However effort is required to hold up the heavy weight, your muscular systems have to expend their stored energy, to oppose the acceleration due to gravity. This uses up your store of energy and stamina and tires you out. This energy, in short, is expended as heat within your body.

Continued on part two.

Casual Observer said...

Continuation of Work and Effort.(Energy).

So, holding up a weight, against the force of gravity, even if stationary, requires expenditure of energy, (loosely called Stamina ) and this shows up as a release of heat in your body.

Work is closely related to Energy. The First Law of Thermodynamics on the Law of Conservation of Energy, states

Total Energy = Heat Produced (Expended) - Work done

If Work done is zero, all energy is expended as heat.

TMI, TMI.

end of rant.

Jayce said...

Man oh man, Cheri Oteri sure is famous!

Bill G. said...

CED, great drama-button video!

Cheri Oteri is crossword famous 'cause of the vowels. Is she really famous other than for a stint on SNL?

I was in The Coffee Bean for a iced macchiato. I noticed that their signs said 'iced coffee' and 'iced tea' rather than just 'ice.'

Spitzboov said...

Bill G @ 1954 - re: use of ice tea.

This is a conundrum that has plagued this blog for a while now.

From the Grammarist site: The original phrase is iced tea, and this spelling is still more common in print. Yet for many English speakers, ice tea more closely resembles the pronunciation, and this spelling has gained significant ground in 21st-century writing. There might still be some English speakers who consider it incorrect, but it is common in informal writing and is even making inroads in edited publications.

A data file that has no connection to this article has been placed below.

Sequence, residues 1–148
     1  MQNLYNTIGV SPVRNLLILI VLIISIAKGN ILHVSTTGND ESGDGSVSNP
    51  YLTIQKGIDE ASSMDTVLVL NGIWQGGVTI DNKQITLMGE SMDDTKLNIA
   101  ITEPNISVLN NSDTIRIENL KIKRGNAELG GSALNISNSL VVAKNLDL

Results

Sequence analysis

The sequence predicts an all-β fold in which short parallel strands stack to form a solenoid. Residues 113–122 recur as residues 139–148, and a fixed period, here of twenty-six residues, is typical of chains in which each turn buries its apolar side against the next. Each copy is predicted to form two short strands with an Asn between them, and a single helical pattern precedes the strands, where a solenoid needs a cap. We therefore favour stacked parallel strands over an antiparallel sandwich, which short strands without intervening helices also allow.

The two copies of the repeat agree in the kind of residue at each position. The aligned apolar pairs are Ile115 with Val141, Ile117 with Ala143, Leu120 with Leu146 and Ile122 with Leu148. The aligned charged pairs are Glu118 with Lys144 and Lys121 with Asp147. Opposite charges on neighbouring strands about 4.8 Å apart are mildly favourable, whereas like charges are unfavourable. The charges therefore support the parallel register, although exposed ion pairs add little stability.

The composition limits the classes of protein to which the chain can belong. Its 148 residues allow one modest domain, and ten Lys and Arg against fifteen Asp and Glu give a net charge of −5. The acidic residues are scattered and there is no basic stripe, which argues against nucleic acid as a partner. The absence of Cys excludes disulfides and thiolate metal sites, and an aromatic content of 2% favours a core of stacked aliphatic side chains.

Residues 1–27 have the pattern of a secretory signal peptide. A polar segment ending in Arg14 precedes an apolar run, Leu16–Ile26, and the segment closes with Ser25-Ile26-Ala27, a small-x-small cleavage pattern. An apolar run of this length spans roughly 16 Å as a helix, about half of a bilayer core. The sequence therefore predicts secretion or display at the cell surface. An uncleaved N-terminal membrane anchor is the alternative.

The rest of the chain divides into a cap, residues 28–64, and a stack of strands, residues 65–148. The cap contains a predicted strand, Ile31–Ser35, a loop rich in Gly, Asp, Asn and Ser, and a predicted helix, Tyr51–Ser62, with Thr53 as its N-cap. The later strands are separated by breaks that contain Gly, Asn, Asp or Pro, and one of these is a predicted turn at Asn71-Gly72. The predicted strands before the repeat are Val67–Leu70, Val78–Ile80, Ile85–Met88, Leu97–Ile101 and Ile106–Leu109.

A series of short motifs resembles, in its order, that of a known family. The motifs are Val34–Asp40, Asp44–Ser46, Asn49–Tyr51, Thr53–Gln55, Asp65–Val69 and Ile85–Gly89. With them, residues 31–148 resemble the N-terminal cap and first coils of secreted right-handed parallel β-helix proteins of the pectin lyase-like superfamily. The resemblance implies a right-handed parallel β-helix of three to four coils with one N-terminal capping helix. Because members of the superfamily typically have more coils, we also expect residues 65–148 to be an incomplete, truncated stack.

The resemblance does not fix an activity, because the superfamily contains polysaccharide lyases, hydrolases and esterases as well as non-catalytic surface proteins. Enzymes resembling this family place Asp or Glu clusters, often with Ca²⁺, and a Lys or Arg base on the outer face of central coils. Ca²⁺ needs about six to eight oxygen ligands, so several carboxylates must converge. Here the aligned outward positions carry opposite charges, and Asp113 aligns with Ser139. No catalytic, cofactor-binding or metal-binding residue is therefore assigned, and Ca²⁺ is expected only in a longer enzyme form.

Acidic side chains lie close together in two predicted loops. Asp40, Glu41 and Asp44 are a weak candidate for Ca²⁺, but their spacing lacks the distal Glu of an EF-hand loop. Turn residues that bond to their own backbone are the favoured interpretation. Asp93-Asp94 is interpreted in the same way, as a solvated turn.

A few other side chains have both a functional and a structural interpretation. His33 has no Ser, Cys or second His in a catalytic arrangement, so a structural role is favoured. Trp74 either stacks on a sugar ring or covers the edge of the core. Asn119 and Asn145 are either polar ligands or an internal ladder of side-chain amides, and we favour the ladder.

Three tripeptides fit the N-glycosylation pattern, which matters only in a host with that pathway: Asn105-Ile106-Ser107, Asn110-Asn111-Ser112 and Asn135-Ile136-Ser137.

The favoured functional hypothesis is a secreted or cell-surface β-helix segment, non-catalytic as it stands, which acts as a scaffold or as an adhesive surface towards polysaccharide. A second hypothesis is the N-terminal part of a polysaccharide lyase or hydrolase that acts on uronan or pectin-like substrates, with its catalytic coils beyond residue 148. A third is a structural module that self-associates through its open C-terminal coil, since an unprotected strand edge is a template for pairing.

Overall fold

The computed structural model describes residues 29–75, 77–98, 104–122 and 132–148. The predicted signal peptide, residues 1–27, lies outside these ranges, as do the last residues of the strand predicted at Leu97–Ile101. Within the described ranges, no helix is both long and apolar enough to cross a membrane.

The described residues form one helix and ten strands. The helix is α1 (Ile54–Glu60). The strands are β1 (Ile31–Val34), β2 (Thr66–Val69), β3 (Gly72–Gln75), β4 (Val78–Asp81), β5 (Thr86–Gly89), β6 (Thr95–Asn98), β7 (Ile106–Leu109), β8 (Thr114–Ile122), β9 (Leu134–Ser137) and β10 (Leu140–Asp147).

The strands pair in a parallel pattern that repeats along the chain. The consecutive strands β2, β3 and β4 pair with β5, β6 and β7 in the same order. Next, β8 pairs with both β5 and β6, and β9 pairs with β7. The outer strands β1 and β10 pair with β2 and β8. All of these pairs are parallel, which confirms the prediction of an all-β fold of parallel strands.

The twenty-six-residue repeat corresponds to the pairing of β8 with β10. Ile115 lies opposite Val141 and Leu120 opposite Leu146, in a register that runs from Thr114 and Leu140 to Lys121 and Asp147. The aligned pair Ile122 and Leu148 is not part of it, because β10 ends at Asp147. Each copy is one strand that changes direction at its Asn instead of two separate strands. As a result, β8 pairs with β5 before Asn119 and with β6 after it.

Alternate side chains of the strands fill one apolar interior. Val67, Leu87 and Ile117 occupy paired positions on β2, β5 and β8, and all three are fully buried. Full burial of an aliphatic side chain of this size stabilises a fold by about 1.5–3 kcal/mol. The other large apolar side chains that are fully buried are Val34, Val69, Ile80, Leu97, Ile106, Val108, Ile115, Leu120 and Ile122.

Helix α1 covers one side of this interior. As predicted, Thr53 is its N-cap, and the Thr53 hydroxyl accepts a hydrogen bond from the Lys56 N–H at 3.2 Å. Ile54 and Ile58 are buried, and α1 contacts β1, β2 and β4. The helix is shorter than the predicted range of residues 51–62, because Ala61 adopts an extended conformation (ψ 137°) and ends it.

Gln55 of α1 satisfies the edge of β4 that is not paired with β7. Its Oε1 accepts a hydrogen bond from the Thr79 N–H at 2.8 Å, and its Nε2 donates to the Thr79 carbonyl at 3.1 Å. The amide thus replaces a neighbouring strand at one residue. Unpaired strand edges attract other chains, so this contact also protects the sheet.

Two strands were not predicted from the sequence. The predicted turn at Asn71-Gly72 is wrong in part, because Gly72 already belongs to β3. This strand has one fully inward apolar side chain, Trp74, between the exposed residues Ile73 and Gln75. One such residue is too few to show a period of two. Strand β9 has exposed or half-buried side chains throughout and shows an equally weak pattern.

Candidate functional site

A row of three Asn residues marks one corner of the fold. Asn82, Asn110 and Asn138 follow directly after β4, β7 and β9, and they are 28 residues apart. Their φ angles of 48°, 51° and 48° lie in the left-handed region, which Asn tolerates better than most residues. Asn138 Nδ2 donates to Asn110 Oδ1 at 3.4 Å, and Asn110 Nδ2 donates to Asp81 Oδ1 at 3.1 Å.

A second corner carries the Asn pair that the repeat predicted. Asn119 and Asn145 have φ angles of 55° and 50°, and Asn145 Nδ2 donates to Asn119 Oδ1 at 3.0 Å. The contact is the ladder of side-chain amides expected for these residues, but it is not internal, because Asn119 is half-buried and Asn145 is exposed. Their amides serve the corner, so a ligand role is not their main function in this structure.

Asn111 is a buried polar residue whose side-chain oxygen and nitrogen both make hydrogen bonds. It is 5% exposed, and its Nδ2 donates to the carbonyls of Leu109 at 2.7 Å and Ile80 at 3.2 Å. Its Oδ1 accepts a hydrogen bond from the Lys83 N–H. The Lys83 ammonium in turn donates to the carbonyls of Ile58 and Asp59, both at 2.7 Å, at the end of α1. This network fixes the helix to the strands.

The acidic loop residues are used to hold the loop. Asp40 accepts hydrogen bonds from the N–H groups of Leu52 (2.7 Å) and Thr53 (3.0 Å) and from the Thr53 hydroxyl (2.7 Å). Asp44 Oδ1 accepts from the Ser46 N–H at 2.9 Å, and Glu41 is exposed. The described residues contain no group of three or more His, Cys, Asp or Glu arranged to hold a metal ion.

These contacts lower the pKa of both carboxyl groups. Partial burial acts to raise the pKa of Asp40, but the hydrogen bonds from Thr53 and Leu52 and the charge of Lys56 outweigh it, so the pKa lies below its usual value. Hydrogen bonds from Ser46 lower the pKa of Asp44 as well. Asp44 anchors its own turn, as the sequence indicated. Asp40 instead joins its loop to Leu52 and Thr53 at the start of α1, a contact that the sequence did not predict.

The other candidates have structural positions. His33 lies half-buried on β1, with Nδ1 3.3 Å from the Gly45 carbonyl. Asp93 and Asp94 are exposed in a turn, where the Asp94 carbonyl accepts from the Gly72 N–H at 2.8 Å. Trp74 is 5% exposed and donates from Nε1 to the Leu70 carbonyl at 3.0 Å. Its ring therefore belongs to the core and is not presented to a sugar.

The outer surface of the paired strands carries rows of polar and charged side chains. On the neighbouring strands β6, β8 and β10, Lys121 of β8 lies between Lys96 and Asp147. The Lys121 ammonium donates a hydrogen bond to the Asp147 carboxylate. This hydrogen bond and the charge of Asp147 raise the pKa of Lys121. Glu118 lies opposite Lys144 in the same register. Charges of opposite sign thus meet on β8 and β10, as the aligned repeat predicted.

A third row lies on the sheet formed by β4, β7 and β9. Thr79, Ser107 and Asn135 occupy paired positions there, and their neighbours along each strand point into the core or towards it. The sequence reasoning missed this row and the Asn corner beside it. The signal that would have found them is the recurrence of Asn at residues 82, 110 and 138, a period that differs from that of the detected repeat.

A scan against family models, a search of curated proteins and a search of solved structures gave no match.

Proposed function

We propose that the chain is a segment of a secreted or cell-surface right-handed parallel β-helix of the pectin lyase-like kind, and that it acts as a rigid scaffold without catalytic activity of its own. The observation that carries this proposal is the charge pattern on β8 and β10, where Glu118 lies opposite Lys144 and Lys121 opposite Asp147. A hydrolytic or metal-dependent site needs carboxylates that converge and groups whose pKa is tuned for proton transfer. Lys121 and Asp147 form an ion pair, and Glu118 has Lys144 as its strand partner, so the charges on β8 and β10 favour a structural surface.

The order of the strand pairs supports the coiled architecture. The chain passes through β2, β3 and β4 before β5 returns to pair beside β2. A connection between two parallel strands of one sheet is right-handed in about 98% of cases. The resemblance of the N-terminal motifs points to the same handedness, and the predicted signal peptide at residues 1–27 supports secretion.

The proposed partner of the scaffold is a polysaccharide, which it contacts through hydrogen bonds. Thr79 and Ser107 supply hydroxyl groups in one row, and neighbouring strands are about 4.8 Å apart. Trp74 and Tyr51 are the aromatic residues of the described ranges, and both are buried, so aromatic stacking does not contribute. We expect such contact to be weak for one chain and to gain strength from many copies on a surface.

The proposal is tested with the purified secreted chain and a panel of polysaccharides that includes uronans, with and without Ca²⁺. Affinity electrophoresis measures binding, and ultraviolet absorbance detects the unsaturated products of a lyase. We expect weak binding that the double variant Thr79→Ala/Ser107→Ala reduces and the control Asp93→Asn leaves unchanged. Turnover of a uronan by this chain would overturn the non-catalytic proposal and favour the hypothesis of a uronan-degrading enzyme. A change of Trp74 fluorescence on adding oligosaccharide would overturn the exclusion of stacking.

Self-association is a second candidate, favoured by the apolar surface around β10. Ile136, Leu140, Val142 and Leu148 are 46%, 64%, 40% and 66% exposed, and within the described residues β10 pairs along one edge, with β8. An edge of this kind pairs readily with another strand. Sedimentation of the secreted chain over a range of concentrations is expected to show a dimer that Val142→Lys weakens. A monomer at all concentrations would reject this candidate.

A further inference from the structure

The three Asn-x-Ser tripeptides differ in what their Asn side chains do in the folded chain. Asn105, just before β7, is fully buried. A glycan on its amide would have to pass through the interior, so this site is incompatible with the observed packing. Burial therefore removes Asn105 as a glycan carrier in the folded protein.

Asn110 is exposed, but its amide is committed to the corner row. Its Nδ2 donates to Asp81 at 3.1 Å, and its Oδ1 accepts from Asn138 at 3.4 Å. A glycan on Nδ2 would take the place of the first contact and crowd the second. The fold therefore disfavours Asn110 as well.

Other terms have undergone this shift. For example, ice cream and ice water were originally iced cream and iced water. Those are common terms, so there is certainly precedent for iced tea becoming ice tea. Yet for some reason iced tea has stuck around long after those terms lost the d. It could be simply that those terms are older and have had more time to change, while iced tea needs another decade or two to become ice tea.

Anonymous T said...

Hi All!

A big fat DNF for me :-(

Let's see: 64a) fuNny - car? Nope. 60a) aria? nope. 28a) bug? nope. SEAS(ide) of ink.

33a, 13d, 20a, 30a, & 40a all gimmies.

19a was fav.

Thanks Jeff for the puzzle and JzB for the great write-up (and stealing all my potential links :-)). CED, you did it again!

Lucina - so sorry about your SIL. Wish I could send a hatch-chili casserole. No cheers now - I NEED a drink :-( -T

TTP said...

OwenKl